August 16, 2018 – Changing the Narrative of Economic Development it’s not just job creation

Changing the Narrative of Economic Development it’s not just job creation

We all know the world is rapidly changing.  So much so that it’s difficult and sometimes seemingly impossible to keep up with its dizzying pace.  Rapid advancements in technology and access to information and other resources are major change agents.  There are others that often get overlooked such as our current younger generation those forty and below.  It is these younger generations that grew up with the advent of the new information age with the computers and the internet as part of their routine.  They and future generations of leaders have an adopted mindset of change and by and large are advocates for true social innovation.  They know it is risky and takes commitment but that this is what many of them thrive on.  The new information age brought about many new inventions and innovations that now are necessities of modern life.  Advancements in communications such as texting, email and social media developed and shape our world daily.  Simply put the world has not been the same since.  These changes enabled people to access more information, communicate more easily throughout the world, and translate languages, share ideas and culture.  In the next several years, we will need strong leaders that think outside the box and challenge traditional streams of thought.

We will need to invest in the people and enterprises that are the engines at the forefront of our country’s economy and communities.  We also need to pay close attention to all that is around us as our world rapidly continues to transform. When strategically planning for growth and economic development we must consider those that are traditionally being left behind.  If we do not we surely run a great risk in driving down already struggling areas into deeper poverty and alienation. This only serves to further divide our country decrease our productivity and increase social welfare costs. The very rural areas continue to be at high risk.  While we must maintain the safety, growth and viability of our urban areas we cannot continue to leave behind our rural areas.  America’s strength and true core is deeply rooted in the countless small Towns that dot her landscape.

Along with the enduring issues of racism, poverty and inequality there stands a new challenge that can either further divide us or unite us as a country.  That issue is the availability of high speed internet.  One could successfully argue in contemplating future needs that there is no single greater issue in rural America then access to high speed internet.  Such is critical and fundamental for economic growth and well-being in a global economy.  Without it communities will suffer and lag further and further behind.  While it may not be a completely new concept it must be remembered that comprehensive economic development is obligated to address socio-economic matters.  In modern society connection to the internet is analogous to what having running water and electricity was fifty years ago it is that central to human welfare and economic well-being.

Over the past few decades, the concept behind what constitutes economic development has changed significantly.  Economic development is being seen in broader terms.  As this blog title states it is not just about job creation.  Decades ago the south and particularly North Carolina had become very adept at what was termed smokestack chasing or the great buffalo hunt.  While it is certainly true that there are still large scale manufacturing jobs and they are and should be highly sought after it is even more evident that low skill, labor intensive jobs are increasingly either being outsourced to other cheaper markets generally overseas or even more commonplace is automation.  These changes are part of a natural process to increase efficiency, output while lowering cost.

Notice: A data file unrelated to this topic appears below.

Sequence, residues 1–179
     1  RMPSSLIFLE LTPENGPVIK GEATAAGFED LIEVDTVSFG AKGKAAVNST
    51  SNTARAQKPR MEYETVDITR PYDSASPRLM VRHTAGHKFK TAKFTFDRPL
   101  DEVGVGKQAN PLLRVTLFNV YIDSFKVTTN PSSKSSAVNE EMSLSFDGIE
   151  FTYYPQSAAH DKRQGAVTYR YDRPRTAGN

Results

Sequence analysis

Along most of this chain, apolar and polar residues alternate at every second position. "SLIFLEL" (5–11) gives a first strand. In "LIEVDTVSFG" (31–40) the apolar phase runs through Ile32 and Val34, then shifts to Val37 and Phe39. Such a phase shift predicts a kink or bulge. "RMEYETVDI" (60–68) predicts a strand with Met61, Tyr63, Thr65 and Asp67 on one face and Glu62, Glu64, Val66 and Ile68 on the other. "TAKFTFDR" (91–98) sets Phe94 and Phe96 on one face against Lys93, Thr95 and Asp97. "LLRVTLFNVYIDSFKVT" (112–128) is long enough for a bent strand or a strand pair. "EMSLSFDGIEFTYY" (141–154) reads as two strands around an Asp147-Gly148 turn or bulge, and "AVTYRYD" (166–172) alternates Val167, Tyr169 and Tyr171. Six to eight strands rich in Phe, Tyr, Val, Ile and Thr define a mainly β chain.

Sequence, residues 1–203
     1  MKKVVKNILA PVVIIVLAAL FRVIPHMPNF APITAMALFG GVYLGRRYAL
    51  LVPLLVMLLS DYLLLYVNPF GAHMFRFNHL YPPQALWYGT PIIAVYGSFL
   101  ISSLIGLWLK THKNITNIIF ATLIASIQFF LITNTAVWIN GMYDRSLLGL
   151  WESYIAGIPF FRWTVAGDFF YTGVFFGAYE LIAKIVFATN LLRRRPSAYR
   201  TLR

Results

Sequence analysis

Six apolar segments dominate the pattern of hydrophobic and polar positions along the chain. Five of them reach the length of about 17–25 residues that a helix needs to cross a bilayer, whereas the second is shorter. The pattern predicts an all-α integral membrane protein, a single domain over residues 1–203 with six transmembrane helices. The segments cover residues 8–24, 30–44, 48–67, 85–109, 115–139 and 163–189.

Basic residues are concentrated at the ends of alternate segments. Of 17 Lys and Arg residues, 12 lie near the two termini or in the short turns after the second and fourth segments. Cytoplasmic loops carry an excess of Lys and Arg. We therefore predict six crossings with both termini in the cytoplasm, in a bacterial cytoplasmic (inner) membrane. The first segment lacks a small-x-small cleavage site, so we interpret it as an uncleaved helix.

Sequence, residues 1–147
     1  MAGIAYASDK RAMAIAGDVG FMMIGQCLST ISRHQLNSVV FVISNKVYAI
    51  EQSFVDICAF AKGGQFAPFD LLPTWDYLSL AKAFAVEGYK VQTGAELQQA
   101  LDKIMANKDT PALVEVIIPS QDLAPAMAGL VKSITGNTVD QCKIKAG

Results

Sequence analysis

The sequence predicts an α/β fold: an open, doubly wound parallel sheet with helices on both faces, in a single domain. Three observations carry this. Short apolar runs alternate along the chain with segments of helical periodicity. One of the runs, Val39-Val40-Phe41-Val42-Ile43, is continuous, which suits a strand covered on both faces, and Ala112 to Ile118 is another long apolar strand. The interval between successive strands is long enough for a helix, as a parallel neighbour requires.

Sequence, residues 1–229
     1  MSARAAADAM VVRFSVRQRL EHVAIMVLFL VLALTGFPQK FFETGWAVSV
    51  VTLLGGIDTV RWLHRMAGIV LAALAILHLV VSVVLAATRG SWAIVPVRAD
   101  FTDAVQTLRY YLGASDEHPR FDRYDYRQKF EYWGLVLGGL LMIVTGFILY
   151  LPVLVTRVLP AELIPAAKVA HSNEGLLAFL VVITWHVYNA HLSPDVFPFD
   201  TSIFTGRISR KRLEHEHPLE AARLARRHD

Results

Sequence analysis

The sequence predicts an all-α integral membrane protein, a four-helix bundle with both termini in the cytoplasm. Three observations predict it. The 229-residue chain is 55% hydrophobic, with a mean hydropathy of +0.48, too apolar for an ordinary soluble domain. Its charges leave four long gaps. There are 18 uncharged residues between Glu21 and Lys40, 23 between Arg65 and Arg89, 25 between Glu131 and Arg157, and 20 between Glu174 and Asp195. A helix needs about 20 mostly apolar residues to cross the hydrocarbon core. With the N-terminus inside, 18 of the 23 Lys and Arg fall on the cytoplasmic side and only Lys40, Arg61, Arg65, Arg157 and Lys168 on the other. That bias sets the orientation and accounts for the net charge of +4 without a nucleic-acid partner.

Economic development leaders need to step back and ask, what does economic development look like in their Town or community?  Most communities have traditionally viewed economic development in terms of job creation.  However, now communities need to take a more holistic comprehensive approach to economic development that requires more collaboration and coordination with outside partners and agencies.   While that is on important element of economic development there is a far bigger picture that many communities are now embracing as part of their economic development strategy.  That strategy addresses far more than jobs but also items such as housing availability, workforce education and development, quality of life, healthcare and a host of other factors.  Today’s workers are far different both from a cultural and motivational standpoint.  There is also more flexibility and greater mobility in the workplace.  Therefore, workers have more choice as to where they live and work.  Consequently, increased mobility and flexibility means that individual workers can increasingly choose where they want to live.   Increasingly they are choosing areas that are destination locations with broad amenities, quality education, excellent healthcare and favorable climate.  Regions that succeed in economic development understand this and realize that to make themselves more attractive they need to work together and strengthen each other.